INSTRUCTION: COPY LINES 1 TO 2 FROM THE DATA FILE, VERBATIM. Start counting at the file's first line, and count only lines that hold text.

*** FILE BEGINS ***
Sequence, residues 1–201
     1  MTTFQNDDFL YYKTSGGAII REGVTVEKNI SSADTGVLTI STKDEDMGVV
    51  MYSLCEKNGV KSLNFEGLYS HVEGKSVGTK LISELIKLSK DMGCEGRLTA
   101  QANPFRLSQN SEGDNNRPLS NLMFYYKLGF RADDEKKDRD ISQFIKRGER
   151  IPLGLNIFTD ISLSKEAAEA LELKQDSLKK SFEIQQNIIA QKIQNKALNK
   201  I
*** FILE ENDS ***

Sequence, residues 1–201
     1  MTTFQNDDFL YYKTSGGAII REGVTVEKNI SSADTGVLTI STKDEDMGVV